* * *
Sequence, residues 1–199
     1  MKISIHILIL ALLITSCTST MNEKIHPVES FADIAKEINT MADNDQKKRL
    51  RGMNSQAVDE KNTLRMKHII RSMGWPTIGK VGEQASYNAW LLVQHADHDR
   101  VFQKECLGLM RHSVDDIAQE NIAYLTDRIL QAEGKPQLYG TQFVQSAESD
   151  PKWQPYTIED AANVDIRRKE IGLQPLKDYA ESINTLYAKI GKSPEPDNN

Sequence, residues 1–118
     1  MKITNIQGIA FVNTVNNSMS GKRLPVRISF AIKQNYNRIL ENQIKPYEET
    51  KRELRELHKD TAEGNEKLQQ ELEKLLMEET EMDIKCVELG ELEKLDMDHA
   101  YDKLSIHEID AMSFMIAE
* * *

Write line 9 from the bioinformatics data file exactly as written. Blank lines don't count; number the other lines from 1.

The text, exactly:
   101  YDKLSIHEID AMSFMIAE